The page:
Rangers: Alan Stubbs backs coach Pedro Caixinha for Ibrox role

Pedro Caixinha has been in charge of Al Gharafa in Qatar since 2015
Pedro Caixinha has been in charge of Al Gharafa in Qatar since 2015

Alan Stubbs says Portuguese coach Pedro Caixinha has the "right tools" to succeed at Rangers should he land the vacant manager's post at Ibrox.

Caixinha is among the names being linked with Rangers following the departure of Mark Warburton.

And Stubbs, who got to know Caixinha while doing coaching courses in Scotland, believes the 46-year-old has the ability to win over any doubters.

"I think he could be very good," Stubbs told BBC Scotland.

"It is a left-field choice because I don't think anyone would have thought of this in the first place, but that doesn't mean he's not a right fit for the club.

"He could come and do fantastically well and the board would be judged to have made a great signing - only time will tell.

"But he's got the right tools to do a very good job at Rangers and that's the most important thing."

Caixinha is currently managing Al-Gharafa in Qatar following spells as boss of Mexican side Santos Laguna and Portuguese outfits Uniao Leiria and Nacional.

Alan Stubbs did his coaching badges with Pedro Caixinha
Alan Stubbs believes Pedro Caixinha would not be hindered by lack of experience in British football

He also spent more than 10 years as an assistant manager at several clubs, including Sporting Lisbon and Panathinaikos.

Stubbs does not, however, believe that Caixinha's lack of experience in British football would be a problem.

"The biggest thing is not about his experience of it - it's about how quickly he learns," Stubbs said.

"Knowing Pedro and how intelligent he is in terms of styles of football, it won't be a problem for him - I can't see it being an obstacle that could prevent him being a success in the job.

"Sometimes, you're in a no-win situation. If they go for one of the well-known people, some will say that's short-sighted and, because Pedro's name has been mentioned, people will go "Oh, we've never heard of him'.

"That doesn't mean he's not a good coach. I'm sure there are a lot of good coaches that people have never heard of and have gone on and done really good jobs."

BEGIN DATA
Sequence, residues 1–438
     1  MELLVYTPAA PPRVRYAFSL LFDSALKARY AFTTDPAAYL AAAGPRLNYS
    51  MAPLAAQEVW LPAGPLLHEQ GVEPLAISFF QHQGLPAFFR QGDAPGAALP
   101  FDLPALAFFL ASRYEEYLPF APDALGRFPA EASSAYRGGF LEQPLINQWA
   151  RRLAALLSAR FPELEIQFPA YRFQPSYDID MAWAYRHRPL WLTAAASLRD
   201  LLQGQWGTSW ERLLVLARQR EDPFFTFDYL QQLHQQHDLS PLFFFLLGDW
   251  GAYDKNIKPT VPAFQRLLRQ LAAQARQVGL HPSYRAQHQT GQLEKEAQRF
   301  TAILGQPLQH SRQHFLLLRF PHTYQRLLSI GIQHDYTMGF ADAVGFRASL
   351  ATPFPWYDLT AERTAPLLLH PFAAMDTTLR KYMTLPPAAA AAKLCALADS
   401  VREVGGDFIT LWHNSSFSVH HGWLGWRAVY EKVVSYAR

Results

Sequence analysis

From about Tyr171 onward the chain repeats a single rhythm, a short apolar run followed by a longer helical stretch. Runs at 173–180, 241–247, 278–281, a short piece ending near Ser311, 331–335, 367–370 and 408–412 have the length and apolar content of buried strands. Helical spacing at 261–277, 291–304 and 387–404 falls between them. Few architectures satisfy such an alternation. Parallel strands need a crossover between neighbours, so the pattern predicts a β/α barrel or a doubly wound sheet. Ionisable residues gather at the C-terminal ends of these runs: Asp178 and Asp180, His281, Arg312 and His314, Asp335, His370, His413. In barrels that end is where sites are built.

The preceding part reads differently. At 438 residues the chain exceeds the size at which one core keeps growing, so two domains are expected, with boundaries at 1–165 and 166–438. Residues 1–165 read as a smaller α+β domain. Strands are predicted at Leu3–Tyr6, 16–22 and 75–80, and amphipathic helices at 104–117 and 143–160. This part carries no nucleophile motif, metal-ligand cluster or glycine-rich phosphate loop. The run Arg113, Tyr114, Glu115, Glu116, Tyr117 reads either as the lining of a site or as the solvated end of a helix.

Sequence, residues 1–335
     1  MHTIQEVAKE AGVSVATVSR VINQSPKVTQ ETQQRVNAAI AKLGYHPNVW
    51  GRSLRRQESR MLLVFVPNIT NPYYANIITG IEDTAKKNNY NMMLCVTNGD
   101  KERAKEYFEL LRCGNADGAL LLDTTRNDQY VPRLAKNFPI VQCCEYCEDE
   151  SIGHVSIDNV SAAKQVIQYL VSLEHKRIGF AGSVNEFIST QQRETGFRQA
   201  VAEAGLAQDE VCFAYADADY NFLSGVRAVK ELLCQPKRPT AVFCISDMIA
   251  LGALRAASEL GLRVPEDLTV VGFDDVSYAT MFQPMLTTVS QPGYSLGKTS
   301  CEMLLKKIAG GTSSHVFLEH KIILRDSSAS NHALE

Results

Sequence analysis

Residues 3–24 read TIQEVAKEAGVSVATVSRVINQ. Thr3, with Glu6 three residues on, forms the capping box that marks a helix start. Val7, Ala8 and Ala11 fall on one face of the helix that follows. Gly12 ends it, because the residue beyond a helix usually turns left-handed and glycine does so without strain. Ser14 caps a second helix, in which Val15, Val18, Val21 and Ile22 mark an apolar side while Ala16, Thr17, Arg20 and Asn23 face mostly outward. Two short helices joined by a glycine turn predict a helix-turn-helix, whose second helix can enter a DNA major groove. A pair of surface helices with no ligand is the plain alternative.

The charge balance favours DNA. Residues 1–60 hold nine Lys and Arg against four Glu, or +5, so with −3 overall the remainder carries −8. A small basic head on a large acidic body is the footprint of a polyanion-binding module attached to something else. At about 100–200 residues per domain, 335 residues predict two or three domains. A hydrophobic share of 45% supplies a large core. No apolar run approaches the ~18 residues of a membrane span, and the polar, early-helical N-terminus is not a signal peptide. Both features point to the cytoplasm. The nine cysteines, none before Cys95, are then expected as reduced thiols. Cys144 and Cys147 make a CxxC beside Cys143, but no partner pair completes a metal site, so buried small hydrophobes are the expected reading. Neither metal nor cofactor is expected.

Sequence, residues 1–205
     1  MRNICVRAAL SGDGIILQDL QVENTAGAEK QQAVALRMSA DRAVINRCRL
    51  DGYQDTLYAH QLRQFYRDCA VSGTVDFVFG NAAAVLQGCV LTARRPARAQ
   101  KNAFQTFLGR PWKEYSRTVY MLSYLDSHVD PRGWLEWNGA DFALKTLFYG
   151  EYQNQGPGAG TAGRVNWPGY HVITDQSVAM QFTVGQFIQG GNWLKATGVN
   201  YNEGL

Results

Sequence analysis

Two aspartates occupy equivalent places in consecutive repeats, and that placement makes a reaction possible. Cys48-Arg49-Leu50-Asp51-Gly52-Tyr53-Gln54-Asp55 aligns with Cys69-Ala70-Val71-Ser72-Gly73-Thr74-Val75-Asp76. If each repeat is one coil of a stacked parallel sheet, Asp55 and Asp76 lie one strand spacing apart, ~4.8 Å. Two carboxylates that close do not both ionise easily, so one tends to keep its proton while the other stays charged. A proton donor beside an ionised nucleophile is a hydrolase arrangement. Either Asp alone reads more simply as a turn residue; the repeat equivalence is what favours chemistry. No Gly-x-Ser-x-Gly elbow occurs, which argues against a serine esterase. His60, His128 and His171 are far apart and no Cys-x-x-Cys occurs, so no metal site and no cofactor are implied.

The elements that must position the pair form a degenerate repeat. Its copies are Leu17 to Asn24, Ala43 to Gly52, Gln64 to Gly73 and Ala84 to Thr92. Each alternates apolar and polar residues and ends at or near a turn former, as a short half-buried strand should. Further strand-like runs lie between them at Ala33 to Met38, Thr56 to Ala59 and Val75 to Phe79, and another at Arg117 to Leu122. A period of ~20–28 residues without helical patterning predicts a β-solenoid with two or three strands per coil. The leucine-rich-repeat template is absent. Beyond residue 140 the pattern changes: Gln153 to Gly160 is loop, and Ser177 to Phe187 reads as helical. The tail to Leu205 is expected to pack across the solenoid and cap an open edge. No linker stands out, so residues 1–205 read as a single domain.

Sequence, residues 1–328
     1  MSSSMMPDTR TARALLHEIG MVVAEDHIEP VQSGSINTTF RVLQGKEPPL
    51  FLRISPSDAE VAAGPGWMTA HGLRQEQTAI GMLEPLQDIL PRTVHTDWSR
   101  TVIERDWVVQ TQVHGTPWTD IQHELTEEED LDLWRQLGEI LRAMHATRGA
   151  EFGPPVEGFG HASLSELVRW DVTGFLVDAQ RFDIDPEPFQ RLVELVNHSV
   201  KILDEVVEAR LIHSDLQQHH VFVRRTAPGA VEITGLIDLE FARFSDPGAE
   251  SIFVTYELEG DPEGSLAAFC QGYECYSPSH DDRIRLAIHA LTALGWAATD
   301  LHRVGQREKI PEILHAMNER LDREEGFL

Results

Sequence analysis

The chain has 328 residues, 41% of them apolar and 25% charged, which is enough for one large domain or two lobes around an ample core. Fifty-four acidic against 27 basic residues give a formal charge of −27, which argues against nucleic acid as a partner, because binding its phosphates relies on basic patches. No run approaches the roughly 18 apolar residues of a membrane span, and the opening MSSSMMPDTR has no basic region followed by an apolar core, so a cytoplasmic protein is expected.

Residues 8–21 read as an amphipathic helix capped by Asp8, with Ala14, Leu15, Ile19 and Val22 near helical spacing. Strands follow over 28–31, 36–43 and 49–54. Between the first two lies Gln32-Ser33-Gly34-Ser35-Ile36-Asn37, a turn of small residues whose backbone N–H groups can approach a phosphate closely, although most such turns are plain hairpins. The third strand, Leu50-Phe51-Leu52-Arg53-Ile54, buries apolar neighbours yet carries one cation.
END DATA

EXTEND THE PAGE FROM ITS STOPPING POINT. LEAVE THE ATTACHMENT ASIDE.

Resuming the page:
Stubbs gained an insight into Caixinha's football mentality during their time on the coaching courses and has followed his friend's career closely ever since.

"He came across early on as someone who is very clear in how he wanted to coach," Stubbs added.

Alex McLeish
Alex McLeish has the backing of former Rangers defender Dave McPherson

"He had his own ideas, is very knowledgeable and is a really nice guy.

"Everyone gets on well on the courses, but Pedro had a very enthusiastic view about British football.

"He was very inquisitive about it and loved the way it was played.

"He's a great guy, is a great personality and has gone his own way. He's been a coach and now he's a head coach and he's done very well."

Scottish FA director of football development Jim Fleeting, under whom Caixinha gained his coaching badges, admitted that lack of experience of British football could be a concern but thought the 46-year-old had the qualities to succeed at Ibrox.

"I look at the Portuguese managers and their style and manner and I'm always impressed by them," he said.

"Please remember this was about 12 years ago, but Pedro worked really hard.

"He is quite well educated - it's quite good for a football manager to have that also. I think he's a grafter and I think he knows the game well enough."

However, former Rangers defender Dave McPherson suggested that Alex McLeish "would be the smart choice" as manager because he took Rangers "to another level" during his previous spell at Ibrox.

McPherson thought that St Johnstone's Tommy Wright and Aberdeen's Derek McInnes would also do well.

Of Caixinha, he said: "It certainly would be a big gamble at this moment because I think between now and the end of the season they need to get a bit of stability behind the club."

McPherson also believes that Rangers' intention to change their structure by appointing a director of football to work alongside a head coach would be a gamble.